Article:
Care crisis hits Second World War veterans
Published on 11 November 2012 01:30 PM
Age UK calls for funding and reform to end the distress and devastation caused by the chronic underfunding of social care.
As the country remembers the immense contribution made by those older people who fought and volunteered in the Second World War, Age UK reveals the human cost of a failing system of care and support for those people over the age of 85.
Survivors of the Second World War are now entering late old age, with two thirds of men and women over the age of 85 currently living with a disability or long standing illness. 1 in 4 people can expect to have a stroke if they live to 85 or over, while one third of people aged 95 or over have a form of dementia.
Yet it is this generation of veterans and volunteers - both men and women - who are now bearing the brunt of a crisis in social care, denied affordable and high quality care services that are necessary to maintain basic dignity, health and independence.
WWII veterans 'deserve so much better'
Since 2005/6 spending on older people's care first stagnated and then decreased between 2005-06 and 2011/12. Yet the number of people aged 85 and over has increased by 250,000 since 2004/5.
Age UK's charity director general Michelle Mitchell said, ‘The crisis in social care is resulting in devastating experiences for those older people who survived the Second World War and who deserve so much better.
'As the country pauses to honour the heroic generation who fought for Britain, who defended Britain in the Blitz and who kept the home fires burning, it is absolutely vital that we remember that many of these people are now struggling to get the high quality social care and support they need to live decently in old age.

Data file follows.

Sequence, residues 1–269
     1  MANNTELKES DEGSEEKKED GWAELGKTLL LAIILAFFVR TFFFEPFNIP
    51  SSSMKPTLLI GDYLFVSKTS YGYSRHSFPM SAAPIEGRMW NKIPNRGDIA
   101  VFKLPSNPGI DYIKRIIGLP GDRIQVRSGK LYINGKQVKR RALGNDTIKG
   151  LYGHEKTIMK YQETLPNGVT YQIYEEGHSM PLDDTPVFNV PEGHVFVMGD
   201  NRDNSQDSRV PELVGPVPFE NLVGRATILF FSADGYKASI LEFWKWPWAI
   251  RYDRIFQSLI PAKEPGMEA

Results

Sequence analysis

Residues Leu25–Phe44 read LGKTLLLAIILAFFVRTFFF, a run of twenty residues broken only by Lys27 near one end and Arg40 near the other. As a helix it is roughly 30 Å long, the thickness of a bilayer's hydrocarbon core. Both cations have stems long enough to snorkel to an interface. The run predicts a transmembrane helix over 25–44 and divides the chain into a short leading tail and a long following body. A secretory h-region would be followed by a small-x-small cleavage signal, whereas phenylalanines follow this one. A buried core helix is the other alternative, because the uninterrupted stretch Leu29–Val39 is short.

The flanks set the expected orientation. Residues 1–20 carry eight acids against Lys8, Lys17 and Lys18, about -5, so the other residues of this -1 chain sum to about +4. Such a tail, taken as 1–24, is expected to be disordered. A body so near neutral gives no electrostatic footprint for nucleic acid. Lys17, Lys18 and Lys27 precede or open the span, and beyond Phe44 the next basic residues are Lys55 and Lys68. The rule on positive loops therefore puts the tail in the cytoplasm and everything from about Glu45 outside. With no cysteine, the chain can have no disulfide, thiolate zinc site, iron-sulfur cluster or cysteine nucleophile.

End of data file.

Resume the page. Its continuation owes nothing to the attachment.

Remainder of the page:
‘Reform and funding of social care is now a moral and political imperative. Social care is not a luxury, it provides the essential support to help people carry out everyday tasks such as washing, eating, going to the toilet and leaving the house. The challenges facing those who need care cannot be understated.'
Social care funding shortfall stands at half a billion pounds
Age UK's analysis at the beginning of 2012 showed that the combined impact of growing demand for services and a £341 million reduction in older people's social care budgets in 2011/12 has created a £500 million shortfall.
This crisis has far reaching consequences. Care services have been whittled to the bone, and costs of residential care have increased by 4.6% across England and up to 14% in certain parts of the South East including London. Meanwhile, local authority domiciliary care has been rationed to only those people with the most severe needs.
In 2011/12 nearly 80% of local authorities set their eligibility threshold for adult social care at ‘substantial' and a further 3 per cent set their threshold at ‘critical' meaning that hundreds of thousands of the poorest and frailest people are being denied state support to plan and pay for their essential care.
Age UK urges the Government to firstly recognise and act on the current funding crisis, while committing in next Comprehensive Spending Review to implementing a £35,000 cap on the lifetime cost of care. These twin steps are required alongside care reform to create a social care system that is fair, sustainable and fit for purpose.